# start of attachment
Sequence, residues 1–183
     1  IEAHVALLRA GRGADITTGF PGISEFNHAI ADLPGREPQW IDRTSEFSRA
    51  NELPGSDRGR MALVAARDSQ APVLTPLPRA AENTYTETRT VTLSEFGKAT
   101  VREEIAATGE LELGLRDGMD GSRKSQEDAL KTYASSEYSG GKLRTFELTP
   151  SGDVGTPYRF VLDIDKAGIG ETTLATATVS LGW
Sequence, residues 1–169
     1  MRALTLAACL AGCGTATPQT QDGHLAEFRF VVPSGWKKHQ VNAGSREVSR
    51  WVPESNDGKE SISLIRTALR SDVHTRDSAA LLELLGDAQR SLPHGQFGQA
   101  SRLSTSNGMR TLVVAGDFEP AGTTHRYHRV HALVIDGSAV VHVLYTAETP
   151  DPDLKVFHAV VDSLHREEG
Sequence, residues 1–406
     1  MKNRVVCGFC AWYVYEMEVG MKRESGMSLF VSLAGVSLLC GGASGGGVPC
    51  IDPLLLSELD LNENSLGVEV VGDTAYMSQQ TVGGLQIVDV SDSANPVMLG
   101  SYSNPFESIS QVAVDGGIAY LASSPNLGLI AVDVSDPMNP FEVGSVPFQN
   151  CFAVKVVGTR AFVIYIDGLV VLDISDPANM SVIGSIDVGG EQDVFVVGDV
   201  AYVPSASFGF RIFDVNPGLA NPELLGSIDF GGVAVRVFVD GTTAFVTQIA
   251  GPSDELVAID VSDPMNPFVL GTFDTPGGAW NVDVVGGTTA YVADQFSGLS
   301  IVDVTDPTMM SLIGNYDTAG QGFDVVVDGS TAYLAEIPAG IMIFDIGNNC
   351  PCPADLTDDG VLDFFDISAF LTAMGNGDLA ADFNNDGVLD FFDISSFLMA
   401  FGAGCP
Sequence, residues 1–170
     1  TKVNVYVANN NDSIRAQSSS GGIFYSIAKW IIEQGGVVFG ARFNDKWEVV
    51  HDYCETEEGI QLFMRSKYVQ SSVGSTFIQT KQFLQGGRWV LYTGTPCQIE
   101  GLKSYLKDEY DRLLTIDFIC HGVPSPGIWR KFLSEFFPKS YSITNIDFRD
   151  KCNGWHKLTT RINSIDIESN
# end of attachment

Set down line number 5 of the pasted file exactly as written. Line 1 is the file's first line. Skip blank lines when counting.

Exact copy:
   151  SGDVGTPYRF VLDIDKAGIG ETTLATATVS LGW